* Sustainable development versus sustainable management
In presenting ideas such as these in other fora our critics have suggested that our concerns have more to do with the narrow and weak definition of sustainability used in the "Resource Management Act rather" than the more broadly defined sustainable development. A great many more possibilities are contained in the sustainable development idea, we are told. The Parliamentary Commissioners report, for example, emphasises the potential role of sustainable development in the context of urban management in New Zealand. The reportote s authors define it this way:
"Sustainable urban development involves integrating the requirements of environmental management, social equity and economic opportunity into all decision making. Sustainable urban development is not a fixed state but a process of change in which use of resources, technological development and institutional change are managed so as to meet future as well as present needs (PCE, 1998:2)."
This raises two important matters for our reflection. The first of these is that the authors of the report seem to be advocating an approach which must span ecological, social, cultural and economic considerations. This is easier said than done and it is difficult to see how we can reach some balance between competing interests and policy concerns. This difficulty is compounded by our limited knowledge about interactions between social, cultural, economic and ecological processes (Poole, 1997). The danger of false determinations is considerable and this has been a constant problem in analyses of the city. In Chicago, for example, during the 1920s and 1930s there emerged a very influential strain of urban theory, called urban ecology, which relied on a na´ve mixture of plant ecology (ideas of invasion, succession, domination) and market economics to analyse the growth and segmentation of that city. The ecological model with its famous bulls eye imagery of the city that researchers produced became widely used but provided an explanation for city growth which was weak on human agency. The city was characterised as growing outwards, pushed by the sheer weight of numbers and the operation of the land market. This urban theory has been severely criticised and is not now considered to be valid. There was no room in this analysis for the influences of Chicagos political and planning system its planners, managers, mayors and real estate professionals; nor were community groups and social movements representing the interests of migrants and more established citizens, factored into the model. In a similar way, the debate about sustainability has a nasty habit of starting with abroad agenda but moving quickly to forms of ecological or environmental determinism. The Parliamentary Commissioners report, for example, by page three is suggesting that:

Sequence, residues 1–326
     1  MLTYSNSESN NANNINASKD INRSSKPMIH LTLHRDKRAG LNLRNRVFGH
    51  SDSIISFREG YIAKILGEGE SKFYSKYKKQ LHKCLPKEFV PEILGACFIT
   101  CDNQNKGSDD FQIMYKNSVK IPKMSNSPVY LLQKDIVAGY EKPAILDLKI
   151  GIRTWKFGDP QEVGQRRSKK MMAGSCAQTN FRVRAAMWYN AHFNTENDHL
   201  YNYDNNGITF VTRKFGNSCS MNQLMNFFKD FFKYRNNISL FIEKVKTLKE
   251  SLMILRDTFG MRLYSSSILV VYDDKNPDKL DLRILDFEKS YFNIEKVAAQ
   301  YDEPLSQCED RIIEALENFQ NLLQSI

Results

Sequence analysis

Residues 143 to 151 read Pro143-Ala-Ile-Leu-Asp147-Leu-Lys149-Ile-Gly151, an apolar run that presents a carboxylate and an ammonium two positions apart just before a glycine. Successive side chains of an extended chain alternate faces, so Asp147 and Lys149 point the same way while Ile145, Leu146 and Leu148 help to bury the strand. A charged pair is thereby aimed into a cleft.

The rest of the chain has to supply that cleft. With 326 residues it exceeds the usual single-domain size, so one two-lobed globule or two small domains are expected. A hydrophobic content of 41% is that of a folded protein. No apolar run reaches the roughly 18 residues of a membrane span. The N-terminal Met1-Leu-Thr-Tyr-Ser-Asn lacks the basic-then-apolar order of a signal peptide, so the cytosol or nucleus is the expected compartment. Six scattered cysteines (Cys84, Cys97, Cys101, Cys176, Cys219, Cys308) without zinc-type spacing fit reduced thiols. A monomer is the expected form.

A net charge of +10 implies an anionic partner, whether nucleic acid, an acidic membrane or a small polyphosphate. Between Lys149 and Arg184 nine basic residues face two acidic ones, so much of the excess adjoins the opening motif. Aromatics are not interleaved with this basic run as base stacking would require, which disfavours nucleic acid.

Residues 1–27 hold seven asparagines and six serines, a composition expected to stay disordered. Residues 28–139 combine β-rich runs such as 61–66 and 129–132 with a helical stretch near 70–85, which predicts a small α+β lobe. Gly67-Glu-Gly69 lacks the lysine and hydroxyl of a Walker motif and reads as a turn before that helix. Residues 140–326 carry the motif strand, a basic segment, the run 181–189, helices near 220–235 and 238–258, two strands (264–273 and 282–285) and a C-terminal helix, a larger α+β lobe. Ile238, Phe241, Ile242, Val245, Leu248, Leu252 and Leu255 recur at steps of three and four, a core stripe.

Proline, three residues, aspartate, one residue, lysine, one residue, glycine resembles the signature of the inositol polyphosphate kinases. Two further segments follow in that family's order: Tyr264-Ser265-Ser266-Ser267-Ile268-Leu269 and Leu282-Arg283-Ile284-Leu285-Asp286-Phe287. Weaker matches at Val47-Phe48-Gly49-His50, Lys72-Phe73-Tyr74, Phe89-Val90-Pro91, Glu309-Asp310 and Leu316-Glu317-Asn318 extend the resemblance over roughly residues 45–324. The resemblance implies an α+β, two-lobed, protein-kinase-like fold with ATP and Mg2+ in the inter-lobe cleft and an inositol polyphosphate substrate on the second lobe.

"The city can be considered as an ecosystem and ecological concepts can be used to understand urban sustainability issues and develop solutions."
Whilst we accept that the reports authors are not suggesting that these are necessarily the determining factors, it is perhaps privileging one set over the others, in the emerging debate.
The second important issue we can draw from the Parliamentary Commissioners discussion of the idea of sustainable development is that we are engaged here in a 'process ' not a static set of considerations. Thus the ground will keep moving and it is therefore imperative that we develop both mechanisms for ongoing research and analysis, and an effective engagement with the wider community. Here there is the need to engage with discussions about the nature of citizenship and representation, capacity building, enablement and community empowerment which are also part of the Habitat 11 agenda for action.